Once again, Remembrance Day (for Canadians), or Veteran’s Day (for Americans) is here. For Canadians, the interpretation tends to be dedicated to the recognition of the past sacrifices of soldiers lost on foreign soil. Without their sacrifice, we way may well have found ourselves living under the descendants of one Adolf Hitler or Joseph Stalin.
How much of a threat either of these realities coming to fruition really could be debated. Much of the social conditioning of Canadian and American society enshrines this reality as pure fact. Contrary to this, comedians such as George Carlin remind us that history books are always written by the victors. Whilst the ambiguity of reality no doubt exists somewhere between the prideful propaganda of the state and the distrustful contrarianism of the well-read comedian, collective societies of both Canada and the US have been losing any sense of understanding the values represented by November 11th for a long time.
I do hear people worried about the lack of respect in regard to Remembrance Day. I hear disdain at the notion of retail stores setting up and making available Holiday items and displays before November 12th. A few stores even play up this silliness for social positivity points, putting signage on their empty holiday displays telling customers that it is out of respect for those lost. Lest we forget as a sales tool.
Then there are the poppies. Though I am not really against the notion of wearing poppies (and agree with the goals of the poppy funds as administered around Canada, assuming all is above board), the part that annoys me is the theatrical aspect of the whole affair. Between around late October and the 11th of November, rare is a Canadian Television host of any job description to be found not wearing one. Whether they are delivering fashion tips, celebrity news, or local news, the poppy seems to become a required staple of the wardrobe. Because heaven forbid even the hint of a lack of respect by way of lack of a poppy ever pop into any viewer’s mind as they mindlessly consume the day’s details.
All of this leads up to the events that shall commence nationwide in around 8 or 9 hours from now. The memorials.
Some will see the bagpipes play and hear the rehearsed speeches live at venues all over the nation. More still will watch the national ceremony in Ottawa (or a local ceremony to them) on television or online. After this, the businesses will reopen (or return to full-service functionality) at 1:30, and life will be back to normal for the next 364 days.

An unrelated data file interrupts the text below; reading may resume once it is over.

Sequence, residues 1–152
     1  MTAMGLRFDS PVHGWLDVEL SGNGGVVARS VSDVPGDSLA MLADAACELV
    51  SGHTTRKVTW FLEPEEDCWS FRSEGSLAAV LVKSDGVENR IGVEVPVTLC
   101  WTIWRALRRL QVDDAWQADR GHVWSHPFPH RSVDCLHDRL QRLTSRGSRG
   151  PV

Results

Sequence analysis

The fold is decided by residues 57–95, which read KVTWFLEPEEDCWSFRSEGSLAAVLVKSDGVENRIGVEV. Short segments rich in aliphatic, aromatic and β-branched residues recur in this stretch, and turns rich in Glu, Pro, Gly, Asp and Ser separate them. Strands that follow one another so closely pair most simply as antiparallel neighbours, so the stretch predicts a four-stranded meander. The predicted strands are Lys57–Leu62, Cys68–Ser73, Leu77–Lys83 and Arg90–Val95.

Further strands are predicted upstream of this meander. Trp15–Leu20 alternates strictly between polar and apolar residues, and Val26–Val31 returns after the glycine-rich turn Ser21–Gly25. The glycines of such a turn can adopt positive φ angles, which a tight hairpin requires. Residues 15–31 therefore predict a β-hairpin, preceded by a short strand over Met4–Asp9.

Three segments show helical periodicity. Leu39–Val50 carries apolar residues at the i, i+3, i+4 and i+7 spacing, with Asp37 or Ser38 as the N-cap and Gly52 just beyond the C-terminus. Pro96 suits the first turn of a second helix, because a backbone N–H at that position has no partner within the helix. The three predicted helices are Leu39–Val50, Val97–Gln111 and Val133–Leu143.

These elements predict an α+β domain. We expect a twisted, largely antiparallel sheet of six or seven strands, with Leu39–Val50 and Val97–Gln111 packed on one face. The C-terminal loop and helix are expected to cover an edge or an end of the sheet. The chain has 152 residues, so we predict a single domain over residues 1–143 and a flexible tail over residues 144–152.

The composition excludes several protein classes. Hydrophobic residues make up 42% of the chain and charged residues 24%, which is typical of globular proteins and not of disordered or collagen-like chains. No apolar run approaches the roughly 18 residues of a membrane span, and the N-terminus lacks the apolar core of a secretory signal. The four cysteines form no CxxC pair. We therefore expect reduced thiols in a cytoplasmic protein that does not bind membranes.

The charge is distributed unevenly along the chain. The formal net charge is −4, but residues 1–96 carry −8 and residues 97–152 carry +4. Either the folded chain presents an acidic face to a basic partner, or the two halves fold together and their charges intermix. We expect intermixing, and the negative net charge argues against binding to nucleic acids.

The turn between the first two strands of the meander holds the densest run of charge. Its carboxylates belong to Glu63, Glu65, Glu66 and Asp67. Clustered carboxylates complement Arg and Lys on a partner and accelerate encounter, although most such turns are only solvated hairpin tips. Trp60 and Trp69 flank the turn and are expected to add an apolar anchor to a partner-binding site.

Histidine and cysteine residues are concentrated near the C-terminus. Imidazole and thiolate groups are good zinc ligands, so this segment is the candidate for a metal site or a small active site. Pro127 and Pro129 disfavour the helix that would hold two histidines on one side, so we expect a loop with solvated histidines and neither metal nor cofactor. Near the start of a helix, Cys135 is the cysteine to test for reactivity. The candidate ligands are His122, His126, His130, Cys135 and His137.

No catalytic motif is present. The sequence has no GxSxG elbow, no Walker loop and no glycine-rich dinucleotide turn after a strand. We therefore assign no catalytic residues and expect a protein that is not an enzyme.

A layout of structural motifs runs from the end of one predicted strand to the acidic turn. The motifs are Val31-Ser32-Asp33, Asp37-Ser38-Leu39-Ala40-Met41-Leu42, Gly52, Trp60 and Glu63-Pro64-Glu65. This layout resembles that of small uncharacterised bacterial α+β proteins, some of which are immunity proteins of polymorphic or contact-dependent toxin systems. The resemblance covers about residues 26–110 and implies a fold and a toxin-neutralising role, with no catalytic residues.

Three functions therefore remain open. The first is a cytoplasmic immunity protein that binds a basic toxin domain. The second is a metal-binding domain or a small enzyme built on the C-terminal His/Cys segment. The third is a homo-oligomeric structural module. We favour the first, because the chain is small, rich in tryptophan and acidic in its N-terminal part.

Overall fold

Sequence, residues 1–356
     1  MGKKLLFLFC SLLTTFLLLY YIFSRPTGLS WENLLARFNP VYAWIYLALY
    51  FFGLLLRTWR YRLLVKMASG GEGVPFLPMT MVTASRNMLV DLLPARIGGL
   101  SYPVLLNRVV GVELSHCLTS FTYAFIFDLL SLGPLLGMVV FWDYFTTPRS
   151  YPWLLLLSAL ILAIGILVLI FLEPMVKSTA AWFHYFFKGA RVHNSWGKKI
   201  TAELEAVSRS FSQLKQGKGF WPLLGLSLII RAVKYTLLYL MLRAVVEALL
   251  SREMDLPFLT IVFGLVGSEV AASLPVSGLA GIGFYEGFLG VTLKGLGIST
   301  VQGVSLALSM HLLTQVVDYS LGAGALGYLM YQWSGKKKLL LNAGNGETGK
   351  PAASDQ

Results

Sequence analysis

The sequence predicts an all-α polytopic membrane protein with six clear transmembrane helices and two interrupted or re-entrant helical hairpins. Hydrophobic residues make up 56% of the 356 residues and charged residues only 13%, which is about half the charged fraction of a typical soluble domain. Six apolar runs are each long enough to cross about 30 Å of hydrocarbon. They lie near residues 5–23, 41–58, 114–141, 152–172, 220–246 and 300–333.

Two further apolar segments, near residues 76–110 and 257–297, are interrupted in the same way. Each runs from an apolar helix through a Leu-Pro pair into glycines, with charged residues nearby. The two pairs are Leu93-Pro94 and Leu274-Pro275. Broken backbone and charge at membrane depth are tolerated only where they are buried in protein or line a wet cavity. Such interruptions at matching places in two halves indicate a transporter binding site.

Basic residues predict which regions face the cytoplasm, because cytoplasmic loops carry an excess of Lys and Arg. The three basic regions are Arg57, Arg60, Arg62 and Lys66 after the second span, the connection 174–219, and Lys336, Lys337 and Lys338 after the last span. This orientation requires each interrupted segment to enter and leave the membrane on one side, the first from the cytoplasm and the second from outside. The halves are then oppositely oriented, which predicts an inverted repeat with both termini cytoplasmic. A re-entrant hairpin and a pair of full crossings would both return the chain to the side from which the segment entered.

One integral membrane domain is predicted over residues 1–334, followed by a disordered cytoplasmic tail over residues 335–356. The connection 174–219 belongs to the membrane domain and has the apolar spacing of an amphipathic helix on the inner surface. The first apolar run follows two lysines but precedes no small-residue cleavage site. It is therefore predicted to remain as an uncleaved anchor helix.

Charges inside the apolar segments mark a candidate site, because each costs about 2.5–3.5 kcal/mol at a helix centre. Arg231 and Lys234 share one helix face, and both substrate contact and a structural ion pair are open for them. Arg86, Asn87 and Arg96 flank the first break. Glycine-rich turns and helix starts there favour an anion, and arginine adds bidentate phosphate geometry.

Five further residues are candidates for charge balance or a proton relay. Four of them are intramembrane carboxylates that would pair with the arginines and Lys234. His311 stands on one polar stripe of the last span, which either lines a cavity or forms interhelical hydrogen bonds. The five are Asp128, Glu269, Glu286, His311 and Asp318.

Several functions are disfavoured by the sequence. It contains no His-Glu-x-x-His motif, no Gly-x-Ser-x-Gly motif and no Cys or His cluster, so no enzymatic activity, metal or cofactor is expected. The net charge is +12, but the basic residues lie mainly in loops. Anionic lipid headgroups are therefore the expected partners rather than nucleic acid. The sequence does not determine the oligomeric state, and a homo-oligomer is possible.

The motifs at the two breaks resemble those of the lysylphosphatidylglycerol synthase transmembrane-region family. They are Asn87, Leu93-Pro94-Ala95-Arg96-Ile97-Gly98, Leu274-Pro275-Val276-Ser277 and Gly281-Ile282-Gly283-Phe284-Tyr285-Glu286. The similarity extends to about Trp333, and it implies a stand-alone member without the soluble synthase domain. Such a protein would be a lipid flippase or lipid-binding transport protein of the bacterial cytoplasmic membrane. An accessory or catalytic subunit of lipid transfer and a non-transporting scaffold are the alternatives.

I don’t have an issue with people (television personalities or otherwise) wearing poppies. I don’t have an issue with people attending gatherings honouring those whom they feel made the ultimate sacrifice. I don’t care what harmless rituals you choose to engage in. The bothersome part for me starts when the pageantry of the entire affair BECOMES the point.
That Remembrance Day has evolved into an elaborate display of symbolism with a dash of capitalist cynicism isn’t really surprising. Like every other supposedly sacred holiday that people decry the loss of meaning in, this interaction is a product of our time. When the whole of connected societies are slowly becoming more and more commercialized in ways never thought to be possible previously, the influence will be felt everywhere. When nothing matters because all you are is either a product or a target demographic, it’s easy to adapt to just going through the motions.
Loonie in, Poppy on. Hat off. Out the door, off to the supermarket to start holiday preparations.
While people are hyper-focused on the sacrifices of their long-lost friends and relatives for 2 weeks out of the year, the real threat to these values can be found in the OTHER 46 weeks out of the year. The times when your online feeds and local news headline stories of increasing unrest and growing fascism in the supposedly free lands of the western world. While these developments are very obvious in the context of the United States at the moment, no liberal democracy is immune from this growing scourge to all that is decent and civilized.
And as growing climatic instability and financial inequality continue to create refugees on all scales from the local to the international, these voices of unrest will only become more prominent. Bringing with them even more fascist turmoil.
People don’t often like the “Look what happened in Germany!” argument made by worried leftists in an increasingly uncertain world. Which is fine, since I’m not really talking to those people.
This is more aimed at, the people dismayed at Christmas retail starting on November 1st. The people who write letters to the editor about their neighbour’s Christmas lights on November 5th. The people who praise retailers for not putting up holiday displays before November 11th out of respect.
By all means, respect. But also pay attention.
Politics isn’t nearly as easy to digest or easy to participate in as the pageantry and symbolism of respect. However, it affects us all. And keeping an eye on the changing and increasingly extreme-leaning political landscape of our nation does far more in the service of remaining true to the sacrifices of all those lost in the fog of war than wearing a poppy for 2 weeks out of a year ever will.